Common Questions About Cutlery Bins
Why do I need a utensil container?
Cutlery bins are a necessity in most kitchens because they keep your flatware and other utensils organized. These items are small and easily lost, so keeping them in a designated container ensures you can find them and won't have to constantly replace them. Depending on if you have an open or closed bin, they can either encourage air circulation to prevent dust buildup on flatware or protect the stored items from contaminants.
What configuration is best for my cutlery bin?
The most common type of silverware holder is a flat, rectangular design. These cutlery holders typically have multiple compartments, keeping different types of flatware and other utensils separate and organized. Because they are flat, they can fit into bus boxes and be carried around the front of the house while staff members clean off tables.
Some of these units are tiered – meaning there are multiple bins in a vertical lineup – and they are often cylindrical. This design saves space compared to flat holders, but they must be left on the countertop and can't be taken around during bussing. Often coming in styles that elevate the presentation of flatware for front-of-house use, options are available for back-of-house applications, as well.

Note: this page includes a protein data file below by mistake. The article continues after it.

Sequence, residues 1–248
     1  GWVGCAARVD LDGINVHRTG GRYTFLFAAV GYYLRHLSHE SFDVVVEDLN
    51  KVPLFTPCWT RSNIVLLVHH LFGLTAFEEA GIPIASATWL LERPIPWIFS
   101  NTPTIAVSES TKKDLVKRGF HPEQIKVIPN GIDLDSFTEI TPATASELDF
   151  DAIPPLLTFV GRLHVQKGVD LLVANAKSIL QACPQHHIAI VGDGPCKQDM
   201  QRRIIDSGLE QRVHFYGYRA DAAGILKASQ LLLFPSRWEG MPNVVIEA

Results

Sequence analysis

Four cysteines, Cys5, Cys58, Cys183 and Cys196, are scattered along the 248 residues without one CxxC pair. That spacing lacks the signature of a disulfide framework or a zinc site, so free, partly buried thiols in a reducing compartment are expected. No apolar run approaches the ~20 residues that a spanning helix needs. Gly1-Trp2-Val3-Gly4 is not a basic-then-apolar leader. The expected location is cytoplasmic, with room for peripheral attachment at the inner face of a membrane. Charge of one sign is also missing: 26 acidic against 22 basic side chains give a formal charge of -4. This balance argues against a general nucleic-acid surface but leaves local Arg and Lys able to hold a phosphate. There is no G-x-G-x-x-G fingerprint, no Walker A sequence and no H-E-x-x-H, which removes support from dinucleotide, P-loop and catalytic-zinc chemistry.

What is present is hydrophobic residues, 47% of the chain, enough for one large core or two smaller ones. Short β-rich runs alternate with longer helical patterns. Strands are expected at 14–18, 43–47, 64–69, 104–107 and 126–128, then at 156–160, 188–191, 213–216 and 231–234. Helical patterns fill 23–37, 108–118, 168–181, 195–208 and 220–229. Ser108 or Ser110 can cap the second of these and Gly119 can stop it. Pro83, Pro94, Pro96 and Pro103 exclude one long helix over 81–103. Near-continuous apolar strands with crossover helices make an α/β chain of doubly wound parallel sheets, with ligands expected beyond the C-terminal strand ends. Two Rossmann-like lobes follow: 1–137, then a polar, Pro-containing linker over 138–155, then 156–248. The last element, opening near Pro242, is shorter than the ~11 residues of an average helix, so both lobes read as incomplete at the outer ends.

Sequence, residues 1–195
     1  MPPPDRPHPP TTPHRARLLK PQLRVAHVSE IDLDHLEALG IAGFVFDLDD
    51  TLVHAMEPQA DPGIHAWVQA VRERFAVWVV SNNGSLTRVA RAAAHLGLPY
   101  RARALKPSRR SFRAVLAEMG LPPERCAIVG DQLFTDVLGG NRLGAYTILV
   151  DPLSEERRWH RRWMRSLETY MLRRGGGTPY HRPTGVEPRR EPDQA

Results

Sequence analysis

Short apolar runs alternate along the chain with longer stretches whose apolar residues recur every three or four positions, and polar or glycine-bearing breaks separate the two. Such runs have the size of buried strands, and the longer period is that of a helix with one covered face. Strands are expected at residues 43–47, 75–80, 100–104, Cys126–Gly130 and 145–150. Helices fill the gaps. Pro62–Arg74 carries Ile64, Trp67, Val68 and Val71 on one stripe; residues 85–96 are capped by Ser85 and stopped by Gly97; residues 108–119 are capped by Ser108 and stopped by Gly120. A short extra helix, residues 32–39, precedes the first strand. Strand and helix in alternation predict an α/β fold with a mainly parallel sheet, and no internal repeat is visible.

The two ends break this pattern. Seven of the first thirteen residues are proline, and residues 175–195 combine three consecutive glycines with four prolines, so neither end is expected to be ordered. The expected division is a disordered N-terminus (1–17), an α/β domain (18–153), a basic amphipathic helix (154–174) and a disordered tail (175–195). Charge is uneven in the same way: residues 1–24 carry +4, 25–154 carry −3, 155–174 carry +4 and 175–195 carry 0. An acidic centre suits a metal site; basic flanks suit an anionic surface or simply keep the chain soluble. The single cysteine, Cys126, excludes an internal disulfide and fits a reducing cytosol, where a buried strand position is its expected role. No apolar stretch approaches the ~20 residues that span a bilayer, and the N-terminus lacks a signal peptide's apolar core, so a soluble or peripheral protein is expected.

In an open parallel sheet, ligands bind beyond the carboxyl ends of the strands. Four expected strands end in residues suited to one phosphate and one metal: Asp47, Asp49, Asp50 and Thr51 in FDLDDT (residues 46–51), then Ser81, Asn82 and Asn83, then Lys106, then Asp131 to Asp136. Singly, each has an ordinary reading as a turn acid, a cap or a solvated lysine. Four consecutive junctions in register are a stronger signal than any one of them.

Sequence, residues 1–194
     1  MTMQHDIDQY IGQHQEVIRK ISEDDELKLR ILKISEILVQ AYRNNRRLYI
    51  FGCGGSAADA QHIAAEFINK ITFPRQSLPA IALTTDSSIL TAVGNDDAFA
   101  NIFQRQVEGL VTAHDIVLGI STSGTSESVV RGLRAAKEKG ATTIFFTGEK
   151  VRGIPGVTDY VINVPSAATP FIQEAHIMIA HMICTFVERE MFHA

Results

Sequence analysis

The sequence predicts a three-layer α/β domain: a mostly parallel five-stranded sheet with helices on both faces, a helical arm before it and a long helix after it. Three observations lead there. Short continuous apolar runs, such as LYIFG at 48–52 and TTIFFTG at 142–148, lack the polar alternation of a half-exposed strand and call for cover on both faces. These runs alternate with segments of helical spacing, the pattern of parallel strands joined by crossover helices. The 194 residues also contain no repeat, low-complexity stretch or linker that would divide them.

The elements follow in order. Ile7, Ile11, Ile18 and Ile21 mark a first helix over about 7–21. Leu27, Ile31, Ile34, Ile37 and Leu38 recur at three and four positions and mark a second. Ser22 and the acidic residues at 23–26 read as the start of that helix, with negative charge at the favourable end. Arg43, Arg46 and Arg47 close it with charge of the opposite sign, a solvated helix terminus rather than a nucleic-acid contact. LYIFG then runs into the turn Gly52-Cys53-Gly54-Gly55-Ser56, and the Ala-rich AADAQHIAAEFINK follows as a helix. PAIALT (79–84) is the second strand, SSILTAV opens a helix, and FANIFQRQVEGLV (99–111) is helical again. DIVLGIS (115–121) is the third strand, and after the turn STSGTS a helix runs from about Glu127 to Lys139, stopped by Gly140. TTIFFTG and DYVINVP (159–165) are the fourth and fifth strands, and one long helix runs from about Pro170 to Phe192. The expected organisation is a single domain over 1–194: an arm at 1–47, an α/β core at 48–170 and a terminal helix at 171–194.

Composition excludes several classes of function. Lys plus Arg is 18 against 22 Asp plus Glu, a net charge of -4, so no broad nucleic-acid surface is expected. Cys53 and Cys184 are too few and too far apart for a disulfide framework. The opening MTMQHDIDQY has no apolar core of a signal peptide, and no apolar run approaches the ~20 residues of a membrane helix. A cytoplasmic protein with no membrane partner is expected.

Single-section utensil containers have the same cylindrical shape as bins in tiered units, but they are just one single unit. This type of utensil holder is best for low-volume applications or in a line-up with multiple containers holding different types of flatware and utensils. These bins can be solid or perforated, with solid units providing more protection from contaminants on the outside. Perforated bins encourage air to flow around the flatware and prevent dust from accumulating.
How many compartments should my cutlery holder have?
The number of compartments a silverware holder needs to have depends on your application. Typically, operators like to have different compartments for various types of flatware, such as spoons, forks, knives, and other utensils. Four-compartment flat utensil holders are common because they account for these different items, but configurations with one to eight sections are available.
Some cutlery containers have additional compartments sized to accommodate items such as napkins, sugar packets, and condiment packets. These units are typically quite a bit larger than standard flatware holders and can be used in front-of-house, self-serve applications.